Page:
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#2 User is offline   Rollbar 

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Posted 03 January 2006 - 02:48 PM

Boy, U just saved me allot of headaches.

Is this true w/the NDT tires on a later model Jeep (mine) or do U have to mark any & every NDT tire U take off? Can U ask Ronnie.

Jim
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#3 User is offline   Jim B 

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  Posted 03 January 2006 - 09:42 PM

Rollbar,

I don't know if Ronny can actually answer this question without seeing the tire & rim. Looking at the Dana Spicer 23 axle and all it's components I can see that the actual pressed drums & front knuckle set up can play an important in wearing a tire out in a special manner.

I think a call to Cocker is in order being the manufacturer of the tire to see what they say. I don't think that your CJ axle drive train setup would play an important part like my old axle but if these new tires are shipped true round and you install them after they are balanced they should be ok. The question will come in if you can rotate them. If Cocker tells you not to rotate them than I would also mark lug nut to tire before they come off the Jeep. You can try an experiment and see if you notice any difference while mounting the tire on another wheel or opposite lug nut (make sure you mark them so you can reverse the process). Let us know what Cocker tell you.

I would like to hear from the Major if he had any problems mounting and balancing for the first time. Even if he did not it could also be very forgiving for the later model vehicles if they were not a perfect round vs 60 year old technology.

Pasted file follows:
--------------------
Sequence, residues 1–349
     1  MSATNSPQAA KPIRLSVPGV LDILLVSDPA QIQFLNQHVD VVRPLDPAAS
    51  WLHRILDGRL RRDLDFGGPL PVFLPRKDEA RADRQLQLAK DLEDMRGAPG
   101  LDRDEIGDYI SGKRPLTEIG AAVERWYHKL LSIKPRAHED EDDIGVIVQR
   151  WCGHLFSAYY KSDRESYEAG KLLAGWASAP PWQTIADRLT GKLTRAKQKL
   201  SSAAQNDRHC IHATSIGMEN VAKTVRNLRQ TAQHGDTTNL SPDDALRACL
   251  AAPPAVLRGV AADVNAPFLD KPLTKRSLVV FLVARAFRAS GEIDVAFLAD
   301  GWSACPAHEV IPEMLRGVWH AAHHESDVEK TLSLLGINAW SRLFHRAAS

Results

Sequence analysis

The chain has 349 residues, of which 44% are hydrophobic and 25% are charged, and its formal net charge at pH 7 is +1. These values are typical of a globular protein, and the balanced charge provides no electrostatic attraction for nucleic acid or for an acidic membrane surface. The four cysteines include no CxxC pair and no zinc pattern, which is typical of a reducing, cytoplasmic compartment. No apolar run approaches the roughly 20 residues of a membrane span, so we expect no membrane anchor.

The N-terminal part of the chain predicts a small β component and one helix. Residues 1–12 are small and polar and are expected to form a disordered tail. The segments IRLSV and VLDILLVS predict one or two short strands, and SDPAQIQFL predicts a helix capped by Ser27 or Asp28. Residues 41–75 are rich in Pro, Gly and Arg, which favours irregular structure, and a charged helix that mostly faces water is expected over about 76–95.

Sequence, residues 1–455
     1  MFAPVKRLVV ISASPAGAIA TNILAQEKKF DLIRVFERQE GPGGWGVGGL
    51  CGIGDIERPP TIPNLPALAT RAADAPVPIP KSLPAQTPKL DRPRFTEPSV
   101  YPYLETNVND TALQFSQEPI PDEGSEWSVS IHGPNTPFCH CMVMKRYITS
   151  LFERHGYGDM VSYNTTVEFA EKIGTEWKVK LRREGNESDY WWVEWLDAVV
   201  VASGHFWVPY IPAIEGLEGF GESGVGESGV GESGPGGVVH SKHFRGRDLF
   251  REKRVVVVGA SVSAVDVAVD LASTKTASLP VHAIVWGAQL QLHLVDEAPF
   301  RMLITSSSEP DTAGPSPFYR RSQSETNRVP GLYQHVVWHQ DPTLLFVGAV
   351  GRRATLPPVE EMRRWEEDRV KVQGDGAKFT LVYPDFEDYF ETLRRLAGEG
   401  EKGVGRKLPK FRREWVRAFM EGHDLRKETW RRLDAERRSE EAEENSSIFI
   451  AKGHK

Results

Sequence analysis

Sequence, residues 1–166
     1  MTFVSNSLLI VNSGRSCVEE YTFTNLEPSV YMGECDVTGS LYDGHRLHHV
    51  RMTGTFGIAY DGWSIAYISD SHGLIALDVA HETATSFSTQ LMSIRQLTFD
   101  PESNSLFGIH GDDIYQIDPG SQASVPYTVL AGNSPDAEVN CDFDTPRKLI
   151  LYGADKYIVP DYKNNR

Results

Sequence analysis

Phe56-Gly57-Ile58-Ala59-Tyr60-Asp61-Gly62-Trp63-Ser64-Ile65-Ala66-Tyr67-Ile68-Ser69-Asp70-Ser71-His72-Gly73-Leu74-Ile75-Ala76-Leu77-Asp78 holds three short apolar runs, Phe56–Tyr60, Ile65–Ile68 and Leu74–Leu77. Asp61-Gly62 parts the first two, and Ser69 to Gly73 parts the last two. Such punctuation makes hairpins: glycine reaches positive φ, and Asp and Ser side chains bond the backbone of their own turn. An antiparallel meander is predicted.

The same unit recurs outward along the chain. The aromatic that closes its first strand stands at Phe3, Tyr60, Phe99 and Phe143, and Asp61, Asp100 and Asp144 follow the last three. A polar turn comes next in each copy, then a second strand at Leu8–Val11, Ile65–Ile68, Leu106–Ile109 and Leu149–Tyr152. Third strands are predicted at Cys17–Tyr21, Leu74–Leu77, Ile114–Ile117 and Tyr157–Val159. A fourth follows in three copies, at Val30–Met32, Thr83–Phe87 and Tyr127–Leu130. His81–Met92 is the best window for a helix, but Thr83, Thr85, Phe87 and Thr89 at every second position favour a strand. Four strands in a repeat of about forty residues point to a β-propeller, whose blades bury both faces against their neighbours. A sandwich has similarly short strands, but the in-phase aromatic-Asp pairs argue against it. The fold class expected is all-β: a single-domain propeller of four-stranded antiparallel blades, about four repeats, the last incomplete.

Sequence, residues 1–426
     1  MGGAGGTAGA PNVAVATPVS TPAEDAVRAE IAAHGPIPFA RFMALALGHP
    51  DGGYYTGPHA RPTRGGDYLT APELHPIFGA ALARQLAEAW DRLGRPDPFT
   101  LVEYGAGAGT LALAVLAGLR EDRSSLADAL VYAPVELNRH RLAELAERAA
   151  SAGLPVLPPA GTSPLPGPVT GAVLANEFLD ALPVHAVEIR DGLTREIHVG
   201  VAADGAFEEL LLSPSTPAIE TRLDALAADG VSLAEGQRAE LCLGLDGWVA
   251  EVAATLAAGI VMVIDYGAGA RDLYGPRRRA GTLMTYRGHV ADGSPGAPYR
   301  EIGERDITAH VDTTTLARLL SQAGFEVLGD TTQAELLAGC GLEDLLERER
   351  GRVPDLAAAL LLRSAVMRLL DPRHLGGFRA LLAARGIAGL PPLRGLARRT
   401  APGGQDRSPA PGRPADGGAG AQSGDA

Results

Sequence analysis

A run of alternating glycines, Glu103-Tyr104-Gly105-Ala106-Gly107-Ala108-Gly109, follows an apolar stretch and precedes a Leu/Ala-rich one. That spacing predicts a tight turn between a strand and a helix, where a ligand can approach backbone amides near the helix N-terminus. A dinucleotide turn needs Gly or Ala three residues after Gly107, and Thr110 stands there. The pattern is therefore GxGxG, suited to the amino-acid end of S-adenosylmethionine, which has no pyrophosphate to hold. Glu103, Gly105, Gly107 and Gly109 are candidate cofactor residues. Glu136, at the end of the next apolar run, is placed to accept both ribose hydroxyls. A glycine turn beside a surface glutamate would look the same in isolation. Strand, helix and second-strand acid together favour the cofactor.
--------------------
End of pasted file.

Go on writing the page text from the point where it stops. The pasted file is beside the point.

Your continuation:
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#4 User is offline   Rollbar 

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Posted 03 January 2006 - 10:01 PM

I don't rotate my Jeep tires anyway, I usually go 3 sets on the back to two on the front, meaning Iwear out two fronts to three backs even w/a alignment. I 'll ask if I take the tire off will I still have to mark the lug.

RollBar
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#5 User is offline   JeepinIan 

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Posted 03 January 2006 - 11:06 PM

Believe it or not, almost all tires larger than 35's are not true. take em in & see for yourself.
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#6 User is offline   TheMajor 

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Posted 04 January 2006 - 01:03 AM

NTB mounted and balanced mine, no problems, Max speed for me is 55 MPH, I cruse at 45 MPH. I have no problems at all except for the pushrod problem today. I run modern stock size wheels with no tubes as 35 PSI. The more I drive them the more I like them. The tire hum relaxes me. I have noticed more pull / drift from the rear locker when shifting up, but that is all. :question:

#7 User is offline   Jim B 

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  Posted 04 January 2006 - 08:28 AM

JeepinIan, on Jan 3 2006, 11:06 PM, said:

Believe it or not, almost all tires larger than 35's are not true. take em in & see for yourself.

Yep. :question: I just think our newer axle technology is more able to handle it as long as you can bring the balance close (notice I say close). :question:

Major, glad they are working out for you. You mention speeds of 55mph, is this the max they are rated for? As they wear, come back and let us know if you were able to rotate or if a change in lug made any difference. These NDT tires are different to work with from what we are used to.
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Experience is defined as something you get, after you need it.
Give the world the best you have. The best will come back to you...

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#8 User is offline   TheMajor 

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Posted 04 January 2006 - 05:37 PM

If I member correctly the letter rating = 112 mph max

#9 User is offline   Rollbar 

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Posted 04 January 2006 - 05:58 PM

TheMajor, on Jan 4 2006, 05:37 PM, said:

If I member correctly the letter rating = 112 mph max

That's good cause I was starting to wonder if I should get them but I see now it would be no problem.

Thanks,
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*Who Needs A Stinking Manual When You Have A Fat Wallet For Tech Support!*